If you have been injured on a farm, sadly, you are not alone. Farming is one of the most dangerous industries in which to work.
A report by the Health and Safety Executive estimated that less than 2% of workers across all occupations sustained a work-related injury. By comparison, the proportion of agricultural workers injured through their job was over 4% – in other words – more than double what might be expected in other occupations.
Such dangerous work makes it all the more important that workers are protected. Employers have a legal duty to do everything reasonably possible to ensure the health and safety of the people that work for them. If they have fallen short in these duties, they need to be held to account.
But you don’t have to be a farm worker to claim for injuries sustained on a farm:
- If you were injured visiting a farm, the owner owes you a similar duty of care to ensure your health and safety.
- If a loved one was killed through a farming accident, then it is also possible to make a claim on their behalf.
You could be entitled to compensation for the pain, suffering, and other losses, caused by farm owners who have been negligent in their duty of care.
Truth Legal, based in Harrogate but with a presence in York, London and Manchester, can help you recover the compensation you deserve. With our expertise, you can bring those responsible to account and work towards repairing the damage caused by this injustice.
Accidents occurring on a Farm
Perhaps the statistics mentioned above are unsurprising when you consider the number of potential hazards that exist on a farm. Aside from the risks that come from any manual work, the nature of agriculture means that farms can be some of the most dangerous worksites in the country.
Amongst the many hazards are:
- Vehicles and machinery
- Chemicals or hazardous materials
- Vibrating tools and constant loud noise – which could lead to occupational health conditions
- High and low places of work – leading to the possibility of falls or falling objects
- Slippery or unstable working environments – such as slurry pits or grain silos
- Dust or spores – from mouldy straw, hay or grain. Breathing in these particles can lead to a respiratory disease called Farmer’s Lung – (or allergic aveolitis).
Frequently asked questions
In order to make a successful claim, there are several elements we have to prove:
- you were owed a duty of care by the farm owner
- they failed in this duty, or their standards fell short of those required
- you suffered an injury as a direct consequence of this
As mentioned above, farm owners owe a duty of care to workers and to visitors, so the first element is straightforward. It is the last two elements which are significant in many cases.
Examples of a farm owner failing in their duty of care could include:
- Failing to provide training on safe working practices
- Poor maintenance of vehicles or machinery
- Failing to display adequate warning signs
- Failing to provide any or adequate protective equipment, such as gloves, boots, ear defenders, or eye protection etc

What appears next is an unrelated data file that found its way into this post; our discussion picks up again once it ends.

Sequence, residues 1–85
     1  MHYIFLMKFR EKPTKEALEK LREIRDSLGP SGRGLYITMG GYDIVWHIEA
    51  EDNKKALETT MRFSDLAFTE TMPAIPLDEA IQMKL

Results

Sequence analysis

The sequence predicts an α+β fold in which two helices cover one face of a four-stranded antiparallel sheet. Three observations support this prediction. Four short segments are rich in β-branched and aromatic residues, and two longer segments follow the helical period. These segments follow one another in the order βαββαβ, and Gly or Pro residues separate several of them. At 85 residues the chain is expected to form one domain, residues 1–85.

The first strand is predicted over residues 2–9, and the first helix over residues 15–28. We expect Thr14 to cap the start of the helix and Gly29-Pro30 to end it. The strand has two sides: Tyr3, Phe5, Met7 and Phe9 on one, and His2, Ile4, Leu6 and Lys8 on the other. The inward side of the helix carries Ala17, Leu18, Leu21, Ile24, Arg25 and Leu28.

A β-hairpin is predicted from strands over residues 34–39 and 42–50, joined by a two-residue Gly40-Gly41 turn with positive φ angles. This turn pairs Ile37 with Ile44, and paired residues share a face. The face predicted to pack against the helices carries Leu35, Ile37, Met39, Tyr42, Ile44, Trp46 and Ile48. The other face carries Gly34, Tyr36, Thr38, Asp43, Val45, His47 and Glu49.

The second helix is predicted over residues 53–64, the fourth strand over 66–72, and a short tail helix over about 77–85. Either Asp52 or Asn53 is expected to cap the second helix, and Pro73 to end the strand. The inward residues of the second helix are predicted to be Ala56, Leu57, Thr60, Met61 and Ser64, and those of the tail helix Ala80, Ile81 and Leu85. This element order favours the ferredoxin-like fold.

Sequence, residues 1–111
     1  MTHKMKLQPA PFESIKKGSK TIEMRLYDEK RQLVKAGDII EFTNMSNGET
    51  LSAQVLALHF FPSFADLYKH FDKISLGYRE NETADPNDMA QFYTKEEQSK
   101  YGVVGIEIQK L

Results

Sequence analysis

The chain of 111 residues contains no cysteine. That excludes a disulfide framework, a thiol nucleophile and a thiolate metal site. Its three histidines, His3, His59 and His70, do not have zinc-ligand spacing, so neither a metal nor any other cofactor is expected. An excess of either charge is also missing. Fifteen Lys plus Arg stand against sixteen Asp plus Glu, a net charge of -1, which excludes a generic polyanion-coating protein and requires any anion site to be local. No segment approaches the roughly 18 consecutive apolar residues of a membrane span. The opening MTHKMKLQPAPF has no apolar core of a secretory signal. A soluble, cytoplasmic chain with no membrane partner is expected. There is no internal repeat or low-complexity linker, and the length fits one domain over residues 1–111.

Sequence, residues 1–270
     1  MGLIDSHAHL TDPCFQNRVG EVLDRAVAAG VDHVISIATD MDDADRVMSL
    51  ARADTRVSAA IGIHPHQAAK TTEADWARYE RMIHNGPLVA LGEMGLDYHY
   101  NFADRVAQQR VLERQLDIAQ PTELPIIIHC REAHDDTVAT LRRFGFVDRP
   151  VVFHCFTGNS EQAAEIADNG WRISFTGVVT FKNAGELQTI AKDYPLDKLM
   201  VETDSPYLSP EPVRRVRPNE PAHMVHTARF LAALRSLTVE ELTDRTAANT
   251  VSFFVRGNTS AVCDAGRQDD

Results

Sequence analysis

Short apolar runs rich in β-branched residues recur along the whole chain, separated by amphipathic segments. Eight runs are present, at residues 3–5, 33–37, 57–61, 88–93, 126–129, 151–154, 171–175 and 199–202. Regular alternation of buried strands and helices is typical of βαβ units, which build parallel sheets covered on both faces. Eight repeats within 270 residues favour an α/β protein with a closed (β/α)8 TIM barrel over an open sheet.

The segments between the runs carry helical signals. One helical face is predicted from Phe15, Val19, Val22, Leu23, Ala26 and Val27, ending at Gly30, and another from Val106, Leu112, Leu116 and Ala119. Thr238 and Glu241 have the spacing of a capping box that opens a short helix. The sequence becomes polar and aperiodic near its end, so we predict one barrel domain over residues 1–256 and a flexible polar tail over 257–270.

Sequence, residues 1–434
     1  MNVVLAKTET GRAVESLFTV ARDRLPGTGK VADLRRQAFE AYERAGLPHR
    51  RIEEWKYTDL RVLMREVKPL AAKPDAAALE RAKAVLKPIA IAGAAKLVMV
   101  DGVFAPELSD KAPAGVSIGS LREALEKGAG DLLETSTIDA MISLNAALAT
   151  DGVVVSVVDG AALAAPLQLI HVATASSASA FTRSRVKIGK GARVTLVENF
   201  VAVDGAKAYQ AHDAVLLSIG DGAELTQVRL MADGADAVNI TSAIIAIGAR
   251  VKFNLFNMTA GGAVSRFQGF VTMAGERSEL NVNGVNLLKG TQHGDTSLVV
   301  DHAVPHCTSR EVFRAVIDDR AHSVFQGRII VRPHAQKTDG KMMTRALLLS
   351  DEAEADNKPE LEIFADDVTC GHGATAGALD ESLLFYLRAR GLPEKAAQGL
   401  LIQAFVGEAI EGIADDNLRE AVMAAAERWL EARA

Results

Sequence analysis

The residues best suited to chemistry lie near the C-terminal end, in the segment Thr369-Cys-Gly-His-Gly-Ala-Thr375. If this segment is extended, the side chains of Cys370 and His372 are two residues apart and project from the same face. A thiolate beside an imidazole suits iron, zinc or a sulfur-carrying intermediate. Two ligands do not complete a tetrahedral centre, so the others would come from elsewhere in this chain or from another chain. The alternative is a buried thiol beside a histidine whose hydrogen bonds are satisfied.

Besides claiming for your injuries themselves, you can include many other expenses and losses which have resulted from your injuries.
With all additional losses, it is important to document them as much as is possible so that the loss, and the amount you are claiming for, can be proved.
Depending on the circumstances of your case, you could claim for:
- Travel expenses – to attend your GP or hospital, for example
- Medical expenses and treatment costs – such as painkillers or physiotherapy sessions.
- Care and assistance – if your injuries required a friend or relative to provide significant help in your daily life.
- Loss of earnings – if you took time off work and did not receive full pay, or you lost a bonus due to your absence.
- Future losses – if your working life is to be shortened, or if you are to earn less money in a new role you have had to take because of the accident.
This list is by no means exhaustive. If you have suffered other losses not mentioned above, then make sure you discuss these with us so we can advise you accordingly.
As with all claims, a time limit applies.
In general, you must begin your claim within 3 years of the date of the accident in question.
The time limit might be longer in certain situations. For example, if you are diagnosed with an occupational health condition, perhaps many years after it was caused, then the time limit would usually start running from the date of diagnosis.
A number of rules may change the time limits which apply to your case. If you are thinking of bringing a personal injury claim, or you are worried matters have been left for too long, contact us as soon as possible so that we can advise you on where you stand.
If the accident was not your fault, we are often able to conduct matters on the basis of a ‘No Win, No Fee’ agreement.
This means, in the vast majority of situations, that you will not have to pay our fees if we are unsuccessful in recovering compensation for you. On the other hand, if we are successful, our fees will be paid by a portion of your compensation award and also by the farm owner’s insurers.
If you have any concerns on how a personal injury claim is funded, we are more than willing to discuss matters with you in more depth. Please feel free to contact us.
We are personal injury specialists of the highest integrity, committed to recovering compensation for ordinary people who are entitled to it.
Whilst our head office is in Harrogate, Truth Legal also has virtual offices in York, Manchester and London. We are more than willing to sit down with you for a free, no-obligation consultation and to discuss any ways in which we can help you.
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Or if you would prefer to chat to us, you can get in touch by telephone on 01423 788 538.
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